But it’s unlikely to ever catch on.  The imperfection of travel is what makes it so perfect in the end. The smell of diesel from a London Double Decker Bus, a riot in Istanbul, getting sunburnt from successive days over 30 in Europe, an unwanted transit connection delay, the hired Peugeot that breaks down and causes havoc to a travel schedule.  Neither can a chip in the brain ever replace a close encounter with a local or the establishment of a lasting friendship. Take for instance our catch up with Carl and Teresa in Putney who we met in the 80s and Lou in Luton, Bedfordshire, a friend from Lee Abbey where Rob worked 35 years ago! And of course, Turkey, where we see Ineke and Ali in a traditional Turkish wedding, following a 10 year cross cultural, global relationship.

Yet, despite all this, there still appears for the return traveller, a suspended disbelief or disconnect with what has just happened. Perhaps in terms of belief metre, there is not a lot of difference between a chip implantation and flying 30, 000 feet above the earth’s surface in a tube for 13,000 kilometres. Both are just as farfetched for those who have remained in the same place whilst you have had the adventure.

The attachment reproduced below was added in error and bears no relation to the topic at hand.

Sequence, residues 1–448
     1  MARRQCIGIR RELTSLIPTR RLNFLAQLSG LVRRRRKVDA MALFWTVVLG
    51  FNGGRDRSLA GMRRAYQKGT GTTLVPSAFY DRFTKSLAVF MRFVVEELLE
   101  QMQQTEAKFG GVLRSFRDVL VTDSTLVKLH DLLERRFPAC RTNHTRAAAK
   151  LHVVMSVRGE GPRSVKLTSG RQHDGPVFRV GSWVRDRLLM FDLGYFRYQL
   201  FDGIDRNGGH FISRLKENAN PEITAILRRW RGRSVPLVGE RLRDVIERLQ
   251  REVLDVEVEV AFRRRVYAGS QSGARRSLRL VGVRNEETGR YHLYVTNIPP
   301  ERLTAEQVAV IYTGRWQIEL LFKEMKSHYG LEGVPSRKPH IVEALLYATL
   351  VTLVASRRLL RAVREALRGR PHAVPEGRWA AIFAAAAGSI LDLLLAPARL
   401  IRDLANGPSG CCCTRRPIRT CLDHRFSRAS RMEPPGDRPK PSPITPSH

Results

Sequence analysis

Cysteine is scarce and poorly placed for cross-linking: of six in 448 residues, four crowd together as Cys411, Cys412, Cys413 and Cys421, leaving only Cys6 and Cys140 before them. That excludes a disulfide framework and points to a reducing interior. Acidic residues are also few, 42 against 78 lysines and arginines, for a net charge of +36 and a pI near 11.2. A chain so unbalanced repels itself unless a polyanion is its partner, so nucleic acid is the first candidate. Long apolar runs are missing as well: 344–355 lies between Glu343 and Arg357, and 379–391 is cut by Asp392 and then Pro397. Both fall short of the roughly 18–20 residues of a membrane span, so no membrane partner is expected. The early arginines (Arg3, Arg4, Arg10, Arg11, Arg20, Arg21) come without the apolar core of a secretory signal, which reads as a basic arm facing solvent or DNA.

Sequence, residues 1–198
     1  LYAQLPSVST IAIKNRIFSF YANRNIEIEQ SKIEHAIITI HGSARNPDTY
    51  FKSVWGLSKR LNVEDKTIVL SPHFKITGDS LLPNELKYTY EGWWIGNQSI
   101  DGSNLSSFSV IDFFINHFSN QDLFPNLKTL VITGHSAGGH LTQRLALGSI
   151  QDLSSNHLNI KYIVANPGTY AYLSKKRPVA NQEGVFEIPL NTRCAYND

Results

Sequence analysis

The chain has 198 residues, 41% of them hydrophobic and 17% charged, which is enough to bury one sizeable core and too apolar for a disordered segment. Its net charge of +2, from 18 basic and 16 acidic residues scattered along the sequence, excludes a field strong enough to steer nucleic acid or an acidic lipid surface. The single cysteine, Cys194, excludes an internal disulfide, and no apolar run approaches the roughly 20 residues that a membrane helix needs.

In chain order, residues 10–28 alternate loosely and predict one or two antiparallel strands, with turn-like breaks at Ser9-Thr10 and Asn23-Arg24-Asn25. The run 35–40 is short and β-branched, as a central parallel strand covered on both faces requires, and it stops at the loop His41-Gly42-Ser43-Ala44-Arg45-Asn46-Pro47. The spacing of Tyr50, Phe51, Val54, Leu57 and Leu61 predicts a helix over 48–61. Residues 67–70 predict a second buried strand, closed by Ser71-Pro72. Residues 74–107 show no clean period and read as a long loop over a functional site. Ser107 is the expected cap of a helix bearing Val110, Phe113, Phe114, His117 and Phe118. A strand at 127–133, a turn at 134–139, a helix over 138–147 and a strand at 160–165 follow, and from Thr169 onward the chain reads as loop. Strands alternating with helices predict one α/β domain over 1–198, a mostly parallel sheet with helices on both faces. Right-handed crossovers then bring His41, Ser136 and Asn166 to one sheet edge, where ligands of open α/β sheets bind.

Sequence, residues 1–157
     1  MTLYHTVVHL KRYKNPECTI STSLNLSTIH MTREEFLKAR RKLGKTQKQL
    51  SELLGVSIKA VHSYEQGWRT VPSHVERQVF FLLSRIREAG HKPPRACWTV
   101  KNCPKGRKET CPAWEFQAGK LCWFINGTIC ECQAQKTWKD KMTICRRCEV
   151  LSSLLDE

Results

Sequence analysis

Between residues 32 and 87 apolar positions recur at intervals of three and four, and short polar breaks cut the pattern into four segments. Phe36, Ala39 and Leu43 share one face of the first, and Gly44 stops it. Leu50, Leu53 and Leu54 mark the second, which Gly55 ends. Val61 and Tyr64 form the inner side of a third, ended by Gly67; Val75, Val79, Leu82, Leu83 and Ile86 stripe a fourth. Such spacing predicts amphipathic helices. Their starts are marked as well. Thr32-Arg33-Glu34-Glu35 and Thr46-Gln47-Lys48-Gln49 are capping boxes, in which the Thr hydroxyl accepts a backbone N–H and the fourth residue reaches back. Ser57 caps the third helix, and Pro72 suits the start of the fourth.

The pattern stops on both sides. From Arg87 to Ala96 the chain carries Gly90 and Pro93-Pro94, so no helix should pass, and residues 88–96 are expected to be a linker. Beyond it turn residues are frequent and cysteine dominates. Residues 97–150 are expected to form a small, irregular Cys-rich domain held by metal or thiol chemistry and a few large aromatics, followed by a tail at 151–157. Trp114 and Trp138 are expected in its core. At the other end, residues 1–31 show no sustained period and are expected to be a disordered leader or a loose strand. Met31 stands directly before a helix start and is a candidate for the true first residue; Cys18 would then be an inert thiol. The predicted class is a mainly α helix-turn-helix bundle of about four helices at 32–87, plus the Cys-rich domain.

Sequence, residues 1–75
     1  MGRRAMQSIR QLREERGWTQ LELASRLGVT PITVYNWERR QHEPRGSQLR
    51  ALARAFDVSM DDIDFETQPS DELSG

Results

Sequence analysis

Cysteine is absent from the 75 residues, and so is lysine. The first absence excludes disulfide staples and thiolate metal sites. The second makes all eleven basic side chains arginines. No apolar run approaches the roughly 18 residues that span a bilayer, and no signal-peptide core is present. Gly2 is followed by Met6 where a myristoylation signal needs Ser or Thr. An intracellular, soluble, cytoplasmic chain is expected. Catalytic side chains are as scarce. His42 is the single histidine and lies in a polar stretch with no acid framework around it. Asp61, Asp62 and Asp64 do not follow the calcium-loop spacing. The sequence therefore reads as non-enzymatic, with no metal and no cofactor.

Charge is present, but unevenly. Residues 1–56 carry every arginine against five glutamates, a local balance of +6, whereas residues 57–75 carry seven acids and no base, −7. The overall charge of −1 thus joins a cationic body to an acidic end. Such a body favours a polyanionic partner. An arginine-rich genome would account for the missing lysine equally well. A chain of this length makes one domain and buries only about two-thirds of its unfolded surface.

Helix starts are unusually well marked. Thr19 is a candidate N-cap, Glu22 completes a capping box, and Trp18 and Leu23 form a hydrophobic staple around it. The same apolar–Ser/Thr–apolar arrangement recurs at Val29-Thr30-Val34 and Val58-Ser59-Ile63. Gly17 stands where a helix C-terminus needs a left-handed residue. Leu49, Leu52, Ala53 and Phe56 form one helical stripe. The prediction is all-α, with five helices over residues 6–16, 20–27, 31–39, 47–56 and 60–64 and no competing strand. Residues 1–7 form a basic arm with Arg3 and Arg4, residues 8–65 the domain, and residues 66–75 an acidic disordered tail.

From the point of view of answering the standard question; “so how was your trip?”, its probably best to say and leave it as, …“you just had to be there…”    Unless of course, you can produce some proof which ups the ante and the interest.  Take for example, the 2000 year old pottery Rob ‘found’ at Milos back in 1979 that now rests in the glass cabinet in suburban Camberwell and has been the centre of many a conversation. Or the Icon acquired from the Monastery of St. George in the Judean Desert which sits on the mantelpiece.  What objects of proof could we bring back this time from our travels?

All suggestions welcome!

No, at the end of the day, there’s no substitute for the real McCoy.

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National Geographic and the Art of Travel